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Beware bogus treatments: Here’s how to really treat summer miseries

This article originally appeared on AlterNet.

AlterNet

Warm weather, barbecues and vacations — what’s not to like about summer? Nothing…;well, almost nothing, anyway. There are a few summer miseries that dampen the spirits, resulting in desperate attempts to remedy them so as to continue your summer frolics. Beware, though. Don’t fall prey to bogus solutions to your seasonal dilemmas.

Here are three summer miseries, the bogus remedies for these common summer ills and the proven methods of treating them.

1. Sunburn

Nothing says summertime like lounging at the beach or lake, enjoying the warm breeze off the water, taking a dip to cool off, spiking the volleyball and soaking up the rays. And nothing says discomfort and inconvenience like slathering on greasy, sticky sunscreen to protect your skin against the harmful UV radiation of the sun. Maybe you’ll do it once before you head out, but more often than not, after a couple hours you’ve done a lot of sweating and swimming, and that first application of sunscreen isn’t nearly as protective. But reapplying often isn’t in the cards. One survey found that 55 percent of beachgoers suffered from sunburn even though they had applied sunscreen. Lack of re-application was one reason, but others included inadequate SPF (your sunscreen should always be SPF 30 or higher), not applying enough (you should apply at least one full ounce per application per adult, or about a cupped handful), or not fully covering all exposed areas (ears, necks and temples are often missed when applying sunscreen).

Neglecting sunscreen is no laughing matter. More than three million Americans suffer skin cancer every year, more than breast, prostate, lung and colon cancer combined, and the cost of treating these cases is over $8 billion a year. Over 75,000 of these skin cancers are of the melanoma type, which is deadly if not caught early (more than 10,000 will die from melanoma this year alone). Of these melanoma cases, 80 percent of them are directly caused by overexposure to the sun, i.e. sunburn. If you’ve had more than five sunburns in your life, you have roughly doubled your chances of getting melanoma. Conversely, if you regularly use sunscreen, you cut your chances of getting melanoma in half. The course of action seems obvious.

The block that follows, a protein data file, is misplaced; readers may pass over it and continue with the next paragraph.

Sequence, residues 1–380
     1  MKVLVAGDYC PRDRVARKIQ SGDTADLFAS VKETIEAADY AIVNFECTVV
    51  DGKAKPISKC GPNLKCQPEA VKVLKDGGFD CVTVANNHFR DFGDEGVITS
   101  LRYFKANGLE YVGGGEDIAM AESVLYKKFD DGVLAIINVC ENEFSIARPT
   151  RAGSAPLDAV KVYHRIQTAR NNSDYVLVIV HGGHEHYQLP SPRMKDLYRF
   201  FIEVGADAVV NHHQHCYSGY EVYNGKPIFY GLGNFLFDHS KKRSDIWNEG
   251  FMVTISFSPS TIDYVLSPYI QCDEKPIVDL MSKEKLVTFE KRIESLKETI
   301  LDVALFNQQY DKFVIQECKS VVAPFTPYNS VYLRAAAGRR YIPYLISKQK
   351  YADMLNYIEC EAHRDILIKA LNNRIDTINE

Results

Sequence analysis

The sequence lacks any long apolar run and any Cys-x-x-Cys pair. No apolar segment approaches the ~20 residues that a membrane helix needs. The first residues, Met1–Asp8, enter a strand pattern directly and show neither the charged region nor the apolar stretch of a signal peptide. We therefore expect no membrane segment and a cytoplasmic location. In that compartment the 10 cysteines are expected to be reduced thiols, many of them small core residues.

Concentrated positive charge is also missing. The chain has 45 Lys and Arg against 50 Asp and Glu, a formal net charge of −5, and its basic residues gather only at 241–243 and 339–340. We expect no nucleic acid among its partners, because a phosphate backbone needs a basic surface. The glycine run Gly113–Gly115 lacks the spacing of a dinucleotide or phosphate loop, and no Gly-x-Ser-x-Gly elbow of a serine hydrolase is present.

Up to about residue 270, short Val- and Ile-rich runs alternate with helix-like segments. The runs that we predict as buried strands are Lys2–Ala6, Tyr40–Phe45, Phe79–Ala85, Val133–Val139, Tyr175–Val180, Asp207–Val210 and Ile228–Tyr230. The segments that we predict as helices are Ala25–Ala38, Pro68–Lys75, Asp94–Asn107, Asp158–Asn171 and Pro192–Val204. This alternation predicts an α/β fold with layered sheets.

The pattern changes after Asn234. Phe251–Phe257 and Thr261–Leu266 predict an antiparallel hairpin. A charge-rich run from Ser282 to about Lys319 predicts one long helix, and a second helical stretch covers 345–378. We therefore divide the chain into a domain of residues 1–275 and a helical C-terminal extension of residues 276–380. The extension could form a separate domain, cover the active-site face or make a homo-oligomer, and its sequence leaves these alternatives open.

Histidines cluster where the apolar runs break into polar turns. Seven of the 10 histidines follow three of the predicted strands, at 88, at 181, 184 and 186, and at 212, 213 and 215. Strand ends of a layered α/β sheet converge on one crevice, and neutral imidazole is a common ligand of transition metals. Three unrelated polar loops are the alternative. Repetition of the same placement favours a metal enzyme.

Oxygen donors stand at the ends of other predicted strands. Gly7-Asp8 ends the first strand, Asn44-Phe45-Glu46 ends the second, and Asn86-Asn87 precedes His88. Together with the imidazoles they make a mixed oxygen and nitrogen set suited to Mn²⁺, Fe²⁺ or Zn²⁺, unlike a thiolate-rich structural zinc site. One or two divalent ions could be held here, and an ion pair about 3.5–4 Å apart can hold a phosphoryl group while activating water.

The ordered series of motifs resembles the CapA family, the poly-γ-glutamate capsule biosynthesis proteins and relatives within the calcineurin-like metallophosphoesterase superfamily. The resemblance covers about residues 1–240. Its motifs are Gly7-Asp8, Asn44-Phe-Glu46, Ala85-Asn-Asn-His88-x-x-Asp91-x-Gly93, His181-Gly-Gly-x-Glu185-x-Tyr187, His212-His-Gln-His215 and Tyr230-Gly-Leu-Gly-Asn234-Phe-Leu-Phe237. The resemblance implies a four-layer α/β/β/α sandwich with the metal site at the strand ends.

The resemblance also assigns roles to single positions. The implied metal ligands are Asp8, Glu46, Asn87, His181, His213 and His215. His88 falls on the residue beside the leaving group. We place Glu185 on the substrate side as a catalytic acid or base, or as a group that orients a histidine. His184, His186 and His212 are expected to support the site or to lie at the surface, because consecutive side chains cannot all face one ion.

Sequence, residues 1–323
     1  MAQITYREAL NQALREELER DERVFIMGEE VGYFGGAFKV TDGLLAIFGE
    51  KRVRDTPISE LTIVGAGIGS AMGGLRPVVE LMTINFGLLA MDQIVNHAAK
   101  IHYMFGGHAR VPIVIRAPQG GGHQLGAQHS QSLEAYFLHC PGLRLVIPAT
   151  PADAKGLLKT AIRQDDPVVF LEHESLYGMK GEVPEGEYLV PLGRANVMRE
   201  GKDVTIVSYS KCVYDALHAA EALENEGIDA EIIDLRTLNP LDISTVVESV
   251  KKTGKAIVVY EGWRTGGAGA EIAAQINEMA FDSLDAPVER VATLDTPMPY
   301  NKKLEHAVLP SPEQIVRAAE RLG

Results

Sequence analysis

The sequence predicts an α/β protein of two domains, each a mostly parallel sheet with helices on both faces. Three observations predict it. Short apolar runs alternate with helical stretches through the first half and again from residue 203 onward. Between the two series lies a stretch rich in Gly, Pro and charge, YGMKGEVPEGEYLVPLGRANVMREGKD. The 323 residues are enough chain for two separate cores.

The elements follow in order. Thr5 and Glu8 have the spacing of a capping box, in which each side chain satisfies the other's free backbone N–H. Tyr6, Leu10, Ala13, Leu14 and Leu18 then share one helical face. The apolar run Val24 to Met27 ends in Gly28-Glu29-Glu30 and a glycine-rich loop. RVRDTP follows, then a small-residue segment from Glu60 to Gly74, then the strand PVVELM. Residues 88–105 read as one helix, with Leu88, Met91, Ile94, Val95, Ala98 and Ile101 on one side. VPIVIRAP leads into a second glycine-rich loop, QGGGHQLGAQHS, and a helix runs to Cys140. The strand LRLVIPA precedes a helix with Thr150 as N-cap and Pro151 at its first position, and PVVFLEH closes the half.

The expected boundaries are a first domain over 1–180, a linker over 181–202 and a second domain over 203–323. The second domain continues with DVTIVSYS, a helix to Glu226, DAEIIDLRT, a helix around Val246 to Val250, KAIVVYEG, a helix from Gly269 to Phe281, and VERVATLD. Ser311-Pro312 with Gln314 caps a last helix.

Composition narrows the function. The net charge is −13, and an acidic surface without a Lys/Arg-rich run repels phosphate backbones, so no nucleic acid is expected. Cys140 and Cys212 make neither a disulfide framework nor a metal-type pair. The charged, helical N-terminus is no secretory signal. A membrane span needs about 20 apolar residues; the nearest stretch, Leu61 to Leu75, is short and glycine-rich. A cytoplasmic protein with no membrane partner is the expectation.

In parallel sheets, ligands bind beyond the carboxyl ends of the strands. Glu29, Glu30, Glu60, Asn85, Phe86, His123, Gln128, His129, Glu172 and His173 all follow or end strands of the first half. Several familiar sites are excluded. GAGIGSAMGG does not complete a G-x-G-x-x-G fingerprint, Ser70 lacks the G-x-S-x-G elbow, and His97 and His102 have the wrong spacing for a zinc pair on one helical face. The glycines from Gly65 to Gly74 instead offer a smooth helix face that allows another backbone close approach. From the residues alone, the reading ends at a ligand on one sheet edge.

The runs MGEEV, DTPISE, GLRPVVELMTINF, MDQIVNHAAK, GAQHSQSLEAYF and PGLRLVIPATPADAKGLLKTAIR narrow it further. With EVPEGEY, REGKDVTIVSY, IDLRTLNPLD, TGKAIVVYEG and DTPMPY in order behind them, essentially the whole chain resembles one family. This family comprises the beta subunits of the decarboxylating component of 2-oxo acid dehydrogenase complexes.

But you probably haven’t done the prudent thing. Not surprising. Only about 14 percent of American men and about 30 percent of American women regularly use sunscreen. How do you treat your sunburn? One of the most popular treatments for relief of sunburn is aloe vera. In the United States alone, aloe vera products account for more than $100 billion dollars. It’s in lotions, creams, shampoos, perfumes, soaps, food and countless other products. Aloe vera was first identified as a healing agent in 1935, and it was approved for treatment of burns and wounds in 1959, but there has actually been very little scientific testing to ascertain whether aloe actually does anything. Most of the stories about aloe’s effectiveness are entirely anecdotal. The journal Herbal Medicine: Biomolecular and Clinical Aspects reports that there is “a lack of consistent scientific evidence to support many of the therapeutic claims for aloe vera.” Similarly, the British Journal of General Practice stated in 1999 that “whether [aloe vera] promotes wound healing is unclear.” Then there is the question of whether the product you are spreading on your sore shoulders actually has any aloe in it. The Journal of AOAC International did a study of 18 aloe products in 1997. They found that nine of the 18 had very little of the active ingredient in aloe (acemannan polysaccaharide) that supposedly is responsible for aloe vera’s effectiveness.